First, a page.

With increasing ammunition prices, many shooters are reloading their own ammunition. Reloading with once fired brass can have many advantages, not only does it save you a considerable amount of money, but it also allows you to customize your ammunition loads according to your preferences.
When it comes to reloading, the first thing you need is brass casings. There are many ways to get brass for reloading, you can pick it up from the shooting range, collect the brass you personally fire, or even buy new or once fired brass casings.
Reloading once fired brass is a simple enough process, however, it can be a little intimidating for a beginner. Here is everything you need to know about Once-Fired Brass.
A simple high-quality brass casing can be reloaded many times in theory, however, multiple loads can lead to work hardening of the case, which means that the brass becomes denser in certain parts of the casing and does not properly expand in the chamber. With once fired brass, you don't have to worry about work hardening and excessive damage to the shell.
Once fired brass may fit better into the headspace of your rifle, resulting in better reliability.
When a round is fired, it deforms according to the chamber of the firearm, which makes it a perfect fit. This concept is called fire-forming and is another reason once fired brass may be better than new brass, or casing.
Reloading once-fired brass is a simple process that can easily be done by any beginner. Though there are several ways to reload any round, here are the main steps:
Once fired brass should be sorted according to the weapon it was fired from so that you can use the rounds in the same weapon once the ammunition has been reloaded. You should also thoroughly inspect your brass, to get rid of any casings that are damaged, or unfit for reloading.
The next step is de-priming. Once a round is fired, there is still some spent primer left in the primer pocket which has to be replaced. Therefore, de-priming the brass is essential. Some people do this after cleaning and some do it before, and both have their advantages.
If you de-prime the casings before cleaning, the primer pocket and flash hole are also cleaned thoroughly. However, if you are using a dry cleaning method such as tumbling, the cleaning media can get stuck in the small primer pockets and may have to be removed.
Though having a clean and polished primer pocket is preferable, it doesn't make too much of a difference with once-fired brass, especially if you are reloading for target shooting where you may need very accurate ammunition. This is why some people may remove the primer after cleaning to make everything simpler. If you are using a wet cleaning method, then de-priming beforehand is the better option.
Every reloading dye set has a de-priming die as well, which is used to remove the primers.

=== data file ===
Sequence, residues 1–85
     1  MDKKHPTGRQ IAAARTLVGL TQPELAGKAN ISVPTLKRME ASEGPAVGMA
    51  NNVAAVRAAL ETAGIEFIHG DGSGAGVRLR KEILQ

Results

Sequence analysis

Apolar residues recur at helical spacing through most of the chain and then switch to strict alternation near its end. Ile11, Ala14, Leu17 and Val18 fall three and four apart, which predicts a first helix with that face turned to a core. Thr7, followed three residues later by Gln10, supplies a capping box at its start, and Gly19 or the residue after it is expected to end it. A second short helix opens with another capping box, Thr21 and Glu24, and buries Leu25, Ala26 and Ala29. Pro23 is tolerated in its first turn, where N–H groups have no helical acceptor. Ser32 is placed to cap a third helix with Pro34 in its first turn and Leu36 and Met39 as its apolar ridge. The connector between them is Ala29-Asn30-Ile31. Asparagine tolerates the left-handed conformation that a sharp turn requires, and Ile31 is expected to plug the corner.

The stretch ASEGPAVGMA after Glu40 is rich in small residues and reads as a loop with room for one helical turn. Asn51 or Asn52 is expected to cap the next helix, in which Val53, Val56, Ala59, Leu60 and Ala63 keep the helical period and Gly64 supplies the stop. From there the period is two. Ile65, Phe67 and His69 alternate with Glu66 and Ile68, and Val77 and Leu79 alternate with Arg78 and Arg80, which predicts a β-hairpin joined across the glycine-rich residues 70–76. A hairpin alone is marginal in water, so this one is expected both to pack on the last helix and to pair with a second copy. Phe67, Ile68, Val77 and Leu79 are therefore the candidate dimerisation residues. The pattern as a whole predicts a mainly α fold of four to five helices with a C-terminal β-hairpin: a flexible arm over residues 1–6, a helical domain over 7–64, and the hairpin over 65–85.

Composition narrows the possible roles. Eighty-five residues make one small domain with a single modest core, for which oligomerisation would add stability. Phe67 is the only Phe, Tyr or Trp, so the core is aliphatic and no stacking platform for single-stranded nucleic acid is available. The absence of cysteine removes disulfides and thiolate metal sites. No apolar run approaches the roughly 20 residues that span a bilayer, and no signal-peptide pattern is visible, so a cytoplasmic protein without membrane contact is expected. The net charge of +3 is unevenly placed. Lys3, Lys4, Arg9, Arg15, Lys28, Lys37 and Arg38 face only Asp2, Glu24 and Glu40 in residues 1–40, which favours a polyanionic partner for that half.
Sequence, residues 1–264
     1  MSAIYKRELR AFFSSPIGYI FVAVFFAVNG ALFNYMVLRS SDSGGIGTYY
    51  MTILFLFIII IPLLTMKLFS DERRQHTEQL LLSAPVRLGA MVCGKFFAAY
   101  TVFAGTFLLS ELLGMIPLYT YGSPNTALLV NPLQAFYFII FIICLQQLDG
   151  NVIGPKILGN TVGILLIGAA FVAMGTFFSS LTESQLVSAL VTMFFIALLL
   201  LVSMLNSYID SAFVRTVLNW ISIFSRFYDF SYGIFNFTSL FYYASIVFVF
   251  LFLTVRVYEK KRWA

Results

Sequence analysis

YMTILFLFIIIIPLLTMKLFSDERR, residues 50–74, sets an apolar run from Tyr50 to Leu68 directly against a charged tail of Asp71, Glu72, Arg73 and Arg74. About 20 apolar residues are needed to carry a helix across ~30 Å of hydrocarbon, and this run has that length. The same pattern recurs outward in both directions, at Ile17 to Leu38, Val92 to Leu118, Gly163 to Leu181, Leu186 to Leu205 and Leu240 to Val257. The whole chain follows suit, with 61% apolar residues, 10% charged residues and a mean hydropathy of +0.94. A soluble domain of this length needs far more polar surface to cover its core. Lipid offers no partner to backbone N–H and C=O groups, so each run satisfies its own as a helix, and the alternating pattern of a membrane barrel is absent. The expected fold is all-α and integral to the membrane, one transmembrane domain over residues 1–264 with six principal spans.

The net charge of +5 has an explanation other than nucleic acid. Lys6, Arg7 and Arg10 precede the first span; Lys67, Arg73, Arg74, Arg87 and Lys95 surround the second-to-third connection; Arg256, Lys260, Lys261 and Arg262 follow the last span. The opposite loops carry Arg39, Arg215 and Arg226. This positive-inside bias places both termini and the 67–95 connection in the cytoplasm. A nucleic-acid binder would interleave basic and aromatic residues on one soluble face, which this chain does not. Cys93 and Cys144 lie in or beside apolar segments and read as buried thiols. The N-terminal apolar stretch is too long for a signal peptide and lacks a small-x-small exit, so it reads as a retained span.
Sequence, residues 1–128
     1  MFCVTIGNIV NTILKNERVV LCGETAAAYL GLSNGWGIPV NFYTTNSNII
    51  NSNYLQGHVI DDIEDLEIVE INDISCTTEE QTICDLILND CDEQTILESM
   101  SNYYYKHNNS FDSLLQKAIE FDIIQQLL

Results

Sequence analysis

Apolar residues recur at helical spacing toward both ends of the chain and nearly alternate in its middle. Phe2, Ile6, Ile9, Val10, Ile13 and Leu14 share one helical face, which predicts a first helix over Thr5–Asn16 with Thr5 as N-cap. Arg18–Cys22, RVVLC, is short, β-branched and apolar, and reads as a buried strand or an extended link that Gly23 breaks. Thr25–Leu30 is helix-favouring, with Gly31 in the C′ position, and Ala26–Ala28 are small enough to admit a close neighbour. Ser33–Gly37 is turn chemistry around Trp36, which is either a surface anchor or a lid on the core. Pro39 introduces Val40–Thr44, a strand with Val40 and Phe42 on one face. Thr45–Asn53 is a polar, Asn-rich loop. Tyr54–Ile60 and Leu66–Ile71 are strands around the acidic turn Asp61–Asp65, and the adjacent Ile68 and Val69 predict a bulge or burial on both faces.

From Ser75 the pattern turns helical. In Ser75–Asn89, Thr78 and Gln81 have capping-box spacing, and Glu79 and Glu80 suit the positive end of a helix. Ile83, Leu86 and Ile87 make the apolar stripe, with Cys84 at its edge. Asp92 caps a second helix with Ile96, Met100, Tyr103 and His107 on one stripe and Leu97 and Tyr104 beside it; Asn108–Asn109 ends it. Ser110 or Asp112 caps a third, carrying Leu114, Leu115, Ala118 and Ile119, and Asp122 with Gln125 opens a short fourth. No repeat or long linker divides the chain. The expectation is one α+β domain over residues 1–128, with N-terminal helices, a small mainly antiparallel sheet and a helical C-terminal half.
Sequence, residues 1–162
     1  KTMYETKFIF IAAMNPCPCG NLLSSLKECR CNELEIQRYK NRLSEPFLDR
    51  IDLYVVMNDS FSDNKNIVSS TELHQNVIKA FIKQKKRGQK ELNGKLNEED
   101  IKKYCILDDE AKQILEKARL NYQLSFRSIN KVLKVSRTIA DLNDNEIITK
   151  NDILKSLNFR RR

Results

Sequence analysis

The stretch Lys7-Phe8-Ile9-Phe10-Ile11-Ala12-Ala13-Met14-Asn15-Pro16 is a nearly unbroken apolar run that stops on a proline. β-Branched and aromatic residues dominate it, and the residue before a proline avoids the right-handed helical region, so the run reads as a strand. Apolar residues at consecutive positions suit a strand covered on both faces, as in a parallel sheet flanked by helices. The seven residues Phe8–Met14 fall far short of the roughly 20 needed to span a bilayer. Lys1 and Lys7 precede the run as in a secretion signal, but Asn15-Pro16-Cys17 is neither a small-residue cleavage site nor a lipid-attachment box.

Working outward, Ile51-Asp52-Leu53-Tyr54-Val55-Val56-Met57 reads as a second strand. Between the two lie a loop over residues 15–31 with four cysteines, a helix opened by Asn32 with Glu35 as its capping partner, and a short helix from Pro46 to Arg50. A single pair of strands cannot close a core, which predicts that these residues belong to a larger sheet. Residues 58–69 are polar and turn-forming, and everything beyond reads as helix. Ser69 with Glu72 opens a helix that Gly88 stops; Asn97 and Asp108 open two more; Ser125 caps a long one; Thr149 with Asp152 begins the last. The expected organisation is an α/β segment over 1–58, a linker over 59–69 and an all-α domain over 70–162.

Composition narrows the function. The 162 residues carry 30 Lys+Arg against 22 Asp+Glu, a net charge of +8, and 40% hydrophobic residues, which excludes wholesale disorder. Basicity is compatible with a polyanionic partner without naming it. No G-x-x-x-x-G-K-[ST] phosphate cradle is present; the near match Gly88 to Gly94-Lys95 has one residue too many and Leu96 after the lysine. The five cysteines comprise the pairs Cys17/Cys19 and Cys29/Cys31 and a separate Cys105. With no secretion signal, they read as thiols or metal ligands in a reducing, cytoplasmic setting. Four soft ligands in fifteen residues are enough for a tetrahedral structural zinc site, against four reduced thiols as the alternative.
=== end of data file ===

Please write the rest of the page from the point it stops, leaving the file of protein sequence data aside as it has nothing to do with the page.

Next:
Cleaning is an essential part of reloading and pre-used brass. There are many ways of cleaning brass, and all are quite effective. Some can be done with more affordable equipment, while some methods require expensive equipment that can clean more brass at a time.
Whether you opt for a dry media tumbler, a wet media tumbler or an ultrasonic cleaner, make sure to clean your shells otherwise they aren't going to fire accurately and may even get stuck in your resizing dye, which can be quite a hassle.
Resizing is one of the most important parts of reloading brass. Now, in the case of once fired brass, some people skip this step. However, that is only in the case that they intend to use the reloaded ammunition in the same firearm its casings were previously fired from.
Because of fire-forming, the brass expands in the chamber to meet the exact dimensions of the weapon it is fired from. This is why when it is used in the same weapon after reloading, it performs even better than new bullets. People who are reloading their ammunition for increased accuracy may net resize once fired brass. However, if you are reloading for a second or third time, it is better to resize.
If you do resize your casings, you will need a resizing die. These are different for every caliber, and bring the casking back into its original dimensions. However, the resized case might end up slightly longer than a new case, which is why it has to be trimmed as well. You can also adjust the dye to bring it to the required length. If you trim the case, it will have to be deburred as well to remove any rough edges, which will help the bullet seat more easily into the casing.
If you are reloading a straight wall cartridge, like most pistol rounds, you don't generally need to lubricate the brass, however, in the case of rifle brass, lubrication is important. There are multiple methods for lubrication, from dry media to lube sprays and lubrication pads. It is important to remember that too much lubrication can also be bad.
Now that you have prepped and cleaned your once-fired casing, it is ready to reload. You have to add a new primer to it, measure and put the powder into the shells, and then properly seat the bullet into the casing. You will need separate reloading dies for this process. The reloading process is generally the same for once fired and any other kind of brass.
If once fired brass is reloaded and used with the right firearms, it can be even better than new ammunition in terms of performance. This is why many competitive precision shooters like to reload once fired brass.
Reloading can also be an excellent hobby for shooters who want to save some money and learn a valuable skill. We hope this helps you get a grip on the basics. Feel free to check out our reloading supplies & equipment and once fired brass.